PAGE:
Use electricity when price is lower

The price of electricity is lower at night, on the weekends and on statutory holidays, when the overall demand in Ontario is lowest.

It doesn’t matter what time of year it is. For example, it’s cheaper to run your washer and dryer on a weekend versus a weekday.

Electricity pricing in Ontario

Most Ontarians pay what’s called time-of-use pricing for electricity.

Find out more about how that works.

Cut phantom power

Many electronics we use every day draw power even when they’re not being used. This is called phantom power.

You can cut the phantom power used by your TV, phone charger, computers, phones, tablets and more by unplugging them when you’re not using them – or by plugging them into a power bar and switching it off.

Learn more about cutting phantom power.

Time your electricity use in winter

Electricity use in Ontario peaks two times per day in the winter, when most people:

  • get up in the morning and turn up the heat, take a shower, make coffee, and so on
  • come home at night and turn on the lights, start making dinner and so on

During these two peak-periods, when demand for electricity is highest, its cost is highest.

In the winter months (November to April), you will pay:

  • the highest price between 7am to 11am and 5pm to 7pm
  • a lower price between 11am and 5pm
  • the lowest price between 7pm and 7am

Time your electricity use in summer

During the summer, electricity use in Ontario peaks in the afternoon. By this point in the day more people start to run their air conditioners on higher settings.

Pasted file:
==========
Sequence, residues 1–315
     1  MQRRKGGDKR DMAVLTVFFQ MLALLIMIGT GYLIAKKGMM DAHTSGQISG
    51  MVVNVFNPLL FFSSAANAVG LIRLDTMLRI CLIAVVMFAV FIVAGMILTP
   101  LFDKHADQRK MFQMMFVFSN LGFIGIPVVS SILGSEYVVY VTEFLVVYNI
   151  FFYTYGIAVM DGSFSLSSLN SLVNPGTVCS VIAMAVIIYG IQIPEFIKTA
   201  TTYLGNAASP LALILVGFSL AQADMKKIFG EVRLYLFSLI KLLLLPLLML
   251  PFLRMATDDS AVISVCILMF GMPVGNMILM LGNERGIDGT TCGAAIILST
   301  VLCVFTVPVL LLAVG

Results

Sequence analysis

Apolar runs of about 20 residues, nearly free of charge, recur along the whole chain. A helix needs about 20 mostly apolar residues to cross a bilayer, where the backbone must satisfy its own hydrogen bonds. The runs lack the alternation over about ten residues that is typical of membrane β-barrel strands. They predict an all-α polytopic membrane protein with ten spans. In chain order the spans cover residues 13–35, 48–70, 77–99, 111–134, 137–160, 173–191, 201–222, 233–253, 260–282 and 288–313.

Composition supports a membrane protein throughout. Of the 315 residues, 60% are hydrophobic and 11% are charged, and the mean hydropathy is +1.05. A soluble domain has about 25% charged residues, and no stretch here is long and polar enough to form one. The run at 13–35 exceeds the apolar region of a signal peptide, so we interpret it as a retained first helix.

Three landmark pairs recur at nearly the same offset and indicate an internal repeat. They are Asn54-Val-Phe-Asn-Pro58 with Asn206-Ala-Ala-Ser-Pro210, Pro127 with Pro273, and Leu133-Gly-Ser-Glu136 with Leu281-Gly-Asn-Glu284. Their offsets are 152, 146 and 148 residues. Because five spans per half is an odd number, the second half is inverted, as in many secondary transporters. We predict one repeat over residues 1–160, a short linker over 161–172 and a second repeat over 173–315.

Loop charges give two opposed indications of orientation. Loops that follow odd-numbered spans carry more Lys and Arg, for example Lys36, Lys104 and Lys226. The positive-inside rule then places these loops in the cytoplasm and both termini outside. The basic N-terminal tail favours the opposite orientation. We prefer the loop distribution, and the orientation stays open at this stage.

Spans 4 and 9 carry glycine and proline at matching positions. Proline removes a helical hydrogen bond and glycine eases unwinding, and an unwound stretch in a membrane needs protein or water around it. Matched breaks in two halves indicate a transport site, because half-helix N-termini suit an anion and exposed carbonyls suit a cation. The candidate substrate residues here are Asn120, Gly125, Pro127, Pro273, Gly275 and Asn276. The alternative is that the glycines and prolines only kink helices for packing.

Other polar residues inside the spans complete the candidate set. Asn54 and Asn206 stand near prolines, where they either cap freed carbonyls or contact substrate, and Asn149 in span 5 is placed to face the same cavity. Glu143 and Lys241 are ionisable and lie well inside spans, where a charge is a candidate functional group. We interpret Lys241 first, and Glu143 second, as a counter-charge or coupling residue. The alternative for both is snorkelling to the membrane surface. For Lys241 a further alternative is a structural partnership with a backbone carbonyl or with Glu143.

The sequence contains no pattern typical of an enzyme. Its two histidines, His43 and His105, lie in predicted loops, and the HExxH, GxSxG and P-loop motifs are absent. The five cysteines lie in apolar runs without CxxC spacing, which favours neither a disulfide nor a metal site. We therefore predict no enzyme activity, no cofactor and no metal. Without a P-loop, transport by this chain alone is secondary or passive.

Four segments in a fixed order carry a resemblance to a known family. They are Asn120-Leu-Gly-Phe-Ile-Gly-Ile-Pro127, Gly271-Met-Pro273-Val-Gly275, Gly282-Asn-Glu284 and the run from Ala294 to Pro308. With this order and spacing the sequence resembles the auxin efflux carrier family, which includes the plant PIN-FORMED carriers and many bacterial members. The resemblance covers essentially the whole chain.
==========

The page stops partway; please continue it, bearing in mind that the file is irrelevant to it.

In the summer months (May to October), you will pay:

  • the highest price between 11am and 5pm
  • a lower price between 7am to 11am and 5pm to 7pm
  • the lowest price between  7pm and 7am

Improve heat and lights

You can make small changes to improve your heat and lights. These can include:

  • replace furnace filters every three months to reduce the energy usage of your furnace fan
  • caulking and weather-stripping around doors and windows to keep heat in and reduce your energy use by up to 25%
  • switching to LED (light emitting diode), which are 75%-90% more energy efficient than an incandescent light bulb - consume less electricity, so your costs will be reduced.

Change laundry routine

You can change your laundry routine by:

  • choosing the cold-water setting on your washer for up to a 90% reduction in your appliance’s energy use
  • not using your dryer and trying a drying rack (when the heat’s on inside) or clothesline (if you have the space) instead

Limit use of air conditioner

If you can, avoid running your air conditioner between 11am and 5pm, when electricity prices are higher in summer.

You can also try:

  • installing and/or running a ceiling fan in a counter-clockwise direction to circulate cool air
  • keeping the track on a sliding door clean to ensure the seal doesn’t get damaged and let cool air out

Using other appliances

You can use other appliances in ways that help you reduce energy use and costs, such as:

  • opening the door of your dishwasher to let the load air-dry which can cut the total energy use for the wash by 15%
  • only opening the oven door when necessary, as 20% of the heat escape each time it’s opened

If you’re buying a first appliance, or replacing an old one, you can find out more about purchasing an ENERGY STAR® appliance.

Updated: June 30, 2021
Published: March 03, 2017